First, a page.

MP Dismayed by Medicinal Cannabis Delays

July 20, 2004

Matthew Cooper, The Scotsman

A Labour MP today expressed dismay at delays in clearing cannabis for use as a medicine for people suffering from conditions such as multiple sclerosis.
Peter Bradley urged the Government to show compassion by authorising controlled and limited production of the drug for medicinal use despite an on-going assessment of its safety.

The Shropshire MP said those suffering from debilitating conditions should be allowed to use cannabis for pain relief if they have the support of their doctors, even though it has yet to be approved by the Medicines and Healthcare products Regulatory Agency.

The MHRA was expected to conclude its review of trials of cannabis as a medicine at the end of last year, but has yet to rule on the issue.

The Wrekin MP has tabled an Early Day Motion in the House of Commons and written to Home Office Minister Caroline Flint, arguing that the Government should allow seriously ill patients to make their own decisions as to whether the risk from cannabis might pose a greater threat to their health than the disease from which they suffer.

“The biggest problem for medicinal users of cannabis is not so much risk of arrest, though that is a factor, as the dificulty they have in securing supplies,” Mr Bradley said.

In 2001 the politician highlighted the case of his constituent Kate Bradley – a former drug squad officer with MS who has used cannabis as a medicine since being forced to retire.

Mr Bradley added: “In Kate’s case it’s a particularly bitter irony that, desperately ill though she is, she’s forced to get her supplies on the streets from the kind of people she was locking up when she was fit.

“I’ve urged the minister to exercise a little compassionate discretion so that medicinal cannabis can be made available to people like Kate who are in dire need of it.

“Even though the MHRA may have some remaining concerns about the risks associated with therapeutic cannabis, they are unlikely to be significant and while we wait for it to come to its conclusions, Kate and many, many others are suffering.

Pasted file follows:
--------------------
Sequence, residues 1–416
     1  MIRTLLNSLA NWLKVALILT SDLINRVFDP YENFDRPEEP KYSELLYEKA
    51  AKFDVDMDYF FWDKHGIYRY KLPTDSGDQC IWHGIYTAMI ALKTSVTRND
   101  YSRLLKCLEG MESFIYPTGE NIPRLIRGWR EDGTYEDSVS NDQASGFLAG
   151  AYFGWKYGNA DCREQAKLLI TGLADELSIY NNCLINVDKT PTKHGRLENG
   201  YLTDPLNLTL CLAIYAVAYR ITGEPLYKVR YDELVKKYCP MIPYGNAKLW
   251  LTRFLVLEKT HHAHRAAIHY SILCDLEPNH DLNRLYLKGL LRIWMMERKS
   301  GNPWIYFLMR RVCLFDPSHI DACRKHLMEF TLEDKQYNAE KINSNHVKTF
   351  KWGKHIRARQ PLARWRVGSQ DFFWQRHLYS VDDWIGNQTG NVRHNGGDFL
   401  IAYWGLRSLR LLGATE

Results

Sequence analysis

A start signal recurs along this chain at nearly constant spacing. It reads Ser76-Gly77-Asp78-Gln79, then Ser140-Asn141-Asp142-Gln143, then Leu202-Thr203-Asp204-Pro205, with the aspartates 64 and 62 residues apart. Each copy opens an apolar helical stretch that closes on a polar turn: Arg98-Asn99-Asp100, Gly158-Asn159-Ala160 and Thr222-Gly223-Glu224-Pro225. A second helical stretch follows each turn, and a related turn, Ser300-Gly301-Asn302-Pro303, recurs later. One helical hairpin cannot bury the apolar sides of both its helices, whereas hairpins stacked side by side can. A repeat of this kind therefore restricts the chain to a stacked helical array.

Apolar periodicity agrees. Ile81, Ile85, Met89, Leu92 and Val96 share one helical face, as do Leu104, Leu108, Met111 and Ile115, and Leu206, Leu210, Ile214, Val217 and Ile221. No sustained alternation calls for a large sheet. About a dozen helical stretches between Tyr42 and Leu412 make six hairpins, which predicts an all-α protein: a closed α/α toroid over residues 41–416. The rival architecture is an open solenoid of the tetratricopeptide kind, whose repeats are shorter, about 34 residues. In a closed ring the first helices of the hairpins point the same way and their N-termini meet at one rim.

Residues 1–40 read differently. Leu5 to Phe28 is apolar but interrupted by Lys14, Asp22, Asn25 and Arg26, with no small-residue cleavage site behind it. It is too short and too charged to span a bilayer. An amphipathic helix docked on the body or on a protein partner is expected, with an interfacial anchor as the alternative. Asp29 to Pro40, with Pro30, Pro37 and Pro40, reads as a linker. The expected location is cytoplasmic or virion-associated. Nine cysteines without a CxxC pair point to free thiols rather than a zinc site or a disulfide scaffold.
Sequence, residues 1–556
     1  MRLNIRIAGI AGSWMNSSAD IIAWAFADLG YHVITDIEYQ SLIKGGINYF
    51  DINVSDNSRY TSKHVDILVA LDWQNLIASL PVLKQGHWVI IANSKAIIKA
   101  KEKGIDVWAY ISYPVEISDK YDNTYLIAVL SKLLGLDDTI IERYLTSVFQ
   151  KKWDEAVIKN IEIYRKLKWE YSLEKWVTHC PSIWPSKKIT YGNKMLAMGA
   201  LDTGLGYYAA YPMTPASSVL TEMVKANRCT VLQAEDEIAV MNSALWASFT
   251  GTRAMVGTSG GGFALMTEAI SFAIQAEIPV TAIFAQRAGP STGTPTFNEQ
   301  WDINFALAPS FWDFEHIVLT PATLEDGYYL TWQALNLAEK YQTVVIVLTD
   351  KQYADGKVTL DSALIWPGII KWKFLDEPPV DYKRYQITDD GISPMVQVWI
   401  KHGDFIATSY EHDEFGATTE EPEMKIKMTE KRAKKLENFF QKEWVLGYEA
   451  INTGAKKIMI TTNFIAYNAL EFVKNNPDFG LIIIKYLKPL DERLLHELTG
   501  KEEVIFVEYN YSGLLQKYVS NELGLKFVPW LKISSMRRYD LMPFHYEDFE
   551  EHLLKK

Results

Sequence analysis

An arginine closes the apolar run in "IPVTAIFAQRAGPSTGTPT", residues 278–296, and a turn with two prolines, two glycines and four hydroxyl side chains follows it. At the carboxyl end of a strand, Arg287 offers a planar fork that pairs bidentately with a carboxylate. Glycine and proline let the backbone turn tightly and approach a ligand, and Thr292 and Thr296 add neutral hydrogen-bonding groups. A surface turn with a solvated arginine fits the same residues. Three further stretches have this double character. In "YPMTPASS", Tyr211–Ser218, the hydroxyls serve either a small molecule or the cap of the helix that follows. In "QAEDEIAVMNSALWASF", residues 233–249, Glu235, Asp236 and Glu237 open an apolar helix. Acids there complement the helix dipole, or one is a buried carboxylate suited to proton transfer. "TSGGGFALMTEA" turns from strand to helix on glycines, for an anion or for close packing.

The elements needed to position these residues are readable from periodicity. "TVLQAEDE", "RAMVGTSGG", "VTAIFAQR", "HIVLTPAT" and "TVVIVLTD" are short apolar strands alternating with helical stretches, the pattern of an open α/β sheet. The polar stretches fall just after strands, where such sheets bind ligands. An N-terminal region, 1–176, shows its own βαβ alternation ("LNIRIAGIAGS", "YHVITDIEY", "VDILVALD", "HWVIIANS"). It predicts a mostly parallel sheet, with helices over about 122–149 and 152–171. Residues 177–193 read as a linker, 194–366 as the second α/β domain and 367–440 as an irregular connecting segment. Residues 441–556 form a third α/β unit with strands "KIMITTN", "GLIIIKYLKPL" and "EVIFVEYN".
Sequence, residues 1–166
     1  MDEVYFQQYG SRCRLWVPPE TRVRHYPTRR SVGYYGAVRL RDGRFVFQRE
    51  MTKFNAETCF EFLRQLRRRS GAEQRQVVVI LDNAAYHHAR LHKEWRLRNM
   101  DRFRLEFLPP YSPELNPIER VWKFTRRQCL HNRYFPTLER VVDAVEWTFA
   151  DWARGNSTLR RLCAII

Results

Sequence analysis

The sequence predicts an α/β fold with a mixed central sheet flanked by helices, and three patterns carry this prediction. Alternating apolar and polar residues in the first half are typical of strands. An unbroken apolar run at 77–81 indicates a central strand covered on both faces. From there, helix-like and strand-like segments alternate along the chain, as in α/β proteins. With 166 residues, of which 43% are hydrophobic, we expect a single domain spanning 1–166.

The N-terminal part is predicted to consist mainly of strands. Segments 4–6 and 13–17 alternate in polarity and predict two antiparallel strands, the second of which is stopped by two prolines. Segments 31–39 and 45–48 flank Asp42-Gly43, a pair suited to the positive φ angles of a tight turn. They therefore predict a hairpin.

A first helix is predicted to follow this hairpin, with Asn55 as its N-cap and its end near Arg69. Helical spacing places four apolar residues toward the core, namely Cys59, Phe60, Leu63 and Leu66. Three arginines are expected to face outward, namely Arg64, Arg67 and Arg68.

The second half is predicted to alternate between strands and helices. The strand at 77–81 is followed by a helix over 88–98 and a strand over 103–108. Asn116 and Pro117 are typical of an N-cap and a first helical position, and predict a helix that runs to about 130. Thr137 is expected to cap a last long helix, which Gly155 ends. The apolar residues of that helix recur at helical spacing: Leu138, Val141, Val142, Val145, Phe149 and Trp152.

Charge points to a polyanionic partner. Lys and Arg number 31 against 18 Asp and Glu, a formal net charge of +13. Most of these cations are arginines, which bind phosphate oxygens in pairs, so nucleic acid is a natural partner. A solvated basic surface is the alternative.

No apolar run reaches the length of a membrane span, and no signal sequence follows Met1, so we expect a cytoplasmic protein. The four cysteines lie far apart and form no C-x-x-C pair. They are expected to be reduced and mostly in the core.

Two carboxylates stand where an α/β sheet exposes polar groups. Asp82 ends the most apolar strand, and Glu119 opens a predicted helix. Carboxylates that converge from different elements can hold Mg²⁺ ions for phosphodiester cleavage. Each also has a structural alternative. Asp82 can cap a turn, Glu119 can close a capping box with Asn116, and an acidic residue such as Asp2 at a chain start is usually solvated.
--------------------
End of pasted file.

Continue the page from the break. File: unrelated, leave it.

“In any case, who are we to stand between people like Kate and the medicine she needs to make her life tolerable?

“The decision whether or not to use cannabis as a medicine ought to be left to those who without it suffer severe symptoms which are not in dispute. They should be allowed to make their own informed choice.”

In a statement issued by her MP, Mrs Bradley pleaded for the Government to act on behalf of thousands of MS sufferers.

“The spasms I suffer are sheer hell. From the soles of my feet all through my body into my brain is a searing, crippling, unholy pain,” she said.

“It is so powerful it can force my body to crunch into a foetal position one moment and switch to plank-like rigidity the next. Only cannabis unlocks them.

“Following this my legs are then attacked by pain akin to that of a blow torch burning my skin off. Cannabis is the only relief from this too.”

Mrs Bradley, from Telford, said she was encouraged that the Government had agreed to legalise medicinal cannabis if its advisers give the go-ahead.

But she added: “The waiting is almost too much to bear. A little compassion is all that I and many others are seeking. We desperately need Peter’s campaign to succeed.”

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